The most important part of the report, however, is the section titled Conclusion and Recommendations.  It concludes that despite our efforts this year the distribution of E. milfoil in Lake Fairlee has increased substantially.  It recommends another triclopyr application in areas where the milfoil grows thickly, and hand pulling or possibly bottom barriers in other areas.

You can download the complete report by clicking on the image below.  (pdf file, 8Mb)

Click to download complete report

 

 

VPR article on Marsh Mermaid Weed

Thursday, June 28th, 2012

Vermont Public Radio interviewed lake residents Dale Gephart and Skip Brown and did a piece on our issue this summer with  proserpinaca palustris.  You can read it on their blog HERE.  There is a button near the top left which will allow you to hear the entire piece.

No Herbicide in the Lake This Summer

Tuesday, May 22nd, 2012

In 2008 Proserpinaca palustris (Marsh Mermaid Weed) was found in Lake Fairlee.  Its presence was recorded, but was not considered when our application to use the herbicide triclopyr in the lake was considered and granted in 2010.Early this year we proposed to treat a much smaller area of the lake with the same product.  In March we were advised that the presence of the rare species Proserpinaca palustris would “trigger further review”.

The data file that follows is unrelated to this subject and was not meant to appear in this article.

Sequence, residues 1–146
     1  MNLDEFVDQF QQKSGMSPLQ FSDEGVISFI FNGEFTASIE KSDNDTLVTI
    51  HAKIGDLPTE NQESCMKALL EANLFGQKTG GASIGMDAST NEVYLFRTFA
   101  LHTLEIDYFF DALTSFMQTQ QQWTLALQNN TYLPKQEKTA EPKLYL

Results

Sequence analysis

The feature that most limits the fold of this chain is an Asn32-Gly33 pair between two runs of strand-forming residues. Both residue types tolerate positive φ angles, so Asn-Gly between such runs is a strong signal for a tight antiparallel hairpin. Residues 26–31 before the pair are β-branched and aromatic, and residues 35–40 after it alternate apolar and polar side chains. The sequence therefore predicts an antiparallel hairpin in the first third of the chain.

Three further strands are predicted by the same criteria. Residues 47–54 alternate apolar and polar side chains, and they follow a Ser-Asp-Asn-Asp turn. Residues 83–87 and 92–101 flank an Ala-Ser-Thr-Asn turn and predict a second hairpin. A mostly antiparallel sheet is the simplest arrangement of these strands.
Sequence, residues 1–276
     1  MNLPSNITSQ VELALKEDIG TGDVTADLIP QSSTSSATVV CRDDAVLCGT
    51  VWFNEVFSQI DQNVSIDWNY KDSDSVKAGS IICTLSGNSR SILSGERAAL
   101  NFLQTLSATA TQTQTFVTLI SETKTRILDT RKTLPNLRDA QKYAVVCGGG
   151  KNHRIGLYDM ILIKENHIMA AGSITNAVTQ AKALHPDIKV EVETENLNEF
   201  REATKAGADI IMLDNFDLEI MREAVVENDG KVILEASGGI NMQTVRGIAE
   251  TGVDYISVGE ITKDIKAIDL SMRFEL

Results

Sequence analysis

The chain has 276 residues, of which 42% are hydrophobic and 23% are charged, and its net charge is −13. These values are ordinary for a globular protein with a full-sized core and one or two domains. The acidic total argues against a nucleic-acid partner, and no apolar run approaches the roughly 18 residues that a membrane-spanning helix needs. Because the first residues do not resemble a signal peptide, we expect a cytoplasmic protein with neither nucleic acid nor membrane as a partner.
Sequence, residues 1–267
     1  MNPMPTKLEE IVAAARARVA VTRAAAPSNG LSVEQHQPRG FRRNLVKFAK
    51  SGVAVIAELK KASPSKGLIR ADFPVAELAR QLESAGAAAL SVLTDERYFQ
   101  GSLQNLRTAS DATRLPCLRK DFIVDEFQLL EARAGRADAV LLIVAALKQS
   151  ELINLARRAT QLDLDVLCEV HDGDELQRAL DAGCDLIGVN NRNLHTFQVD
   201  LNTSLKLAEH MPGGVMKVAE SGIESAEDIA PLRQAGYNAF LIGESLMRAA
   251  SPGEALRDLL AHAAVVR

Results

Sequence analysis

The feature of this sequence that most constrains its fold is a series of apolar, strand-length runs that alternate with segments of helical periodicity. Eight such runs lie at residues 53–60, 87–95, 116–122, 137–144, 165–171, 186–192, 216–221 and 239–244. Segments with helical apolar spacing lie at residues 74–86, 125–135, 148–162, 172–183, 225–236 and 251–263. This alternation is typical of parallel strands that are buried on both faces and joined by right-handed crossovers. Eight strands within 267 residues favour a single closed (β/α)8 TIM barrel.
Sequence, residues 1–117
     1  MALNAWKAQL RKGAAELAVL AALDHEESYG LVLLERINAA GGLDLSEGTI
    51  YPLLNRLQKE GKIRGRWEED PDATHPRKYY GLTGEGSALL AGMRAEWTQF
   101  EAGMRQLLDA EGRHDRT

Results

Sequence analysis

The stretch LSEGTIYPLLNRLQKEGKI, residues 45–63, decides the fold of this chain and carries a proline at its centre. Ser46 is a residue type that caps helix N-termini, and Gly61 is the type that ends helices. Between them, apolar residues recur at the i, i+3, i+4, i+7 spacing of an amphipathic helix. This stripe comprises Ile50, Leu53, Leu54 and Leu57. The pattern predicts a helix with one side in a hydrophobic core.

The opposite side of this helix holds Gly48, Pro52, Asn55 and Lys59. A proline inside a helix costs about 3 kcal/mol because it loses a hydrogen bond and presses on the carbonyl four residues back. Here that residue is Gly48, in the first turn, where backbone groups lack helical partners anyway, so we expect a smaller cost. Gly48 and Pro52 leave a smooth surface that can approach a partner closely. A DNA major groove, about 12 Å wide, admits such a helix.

Mermaid

Mermaid Weed

The concern was that the mermaid weed might be susceptible to the triclopyr, as it is in the class of plants (dicots) that are affected by this class of chemical.  The other plant in this category commonly found in the lake is the pond lily.  These were somewhat affected by the 2010 application (link), but survived and have completely recovered.  Scientists from SePRO, the company that manufactures the herbicide we use, had no experience with mermaid weed and their product.  They had never been asked, probably because P. Palustris is widespread and abundant in other states.

In April the Department of Environmental Conservation made it clear that our chemical treatment was conditioned on somehow ensuring that the mermaid weed would not be harmed, and detailed how we might do this.  In mid May scientists from Lycott and from the State visited the lake and mapped the locations where milfoil and mermaid weed are growing (link).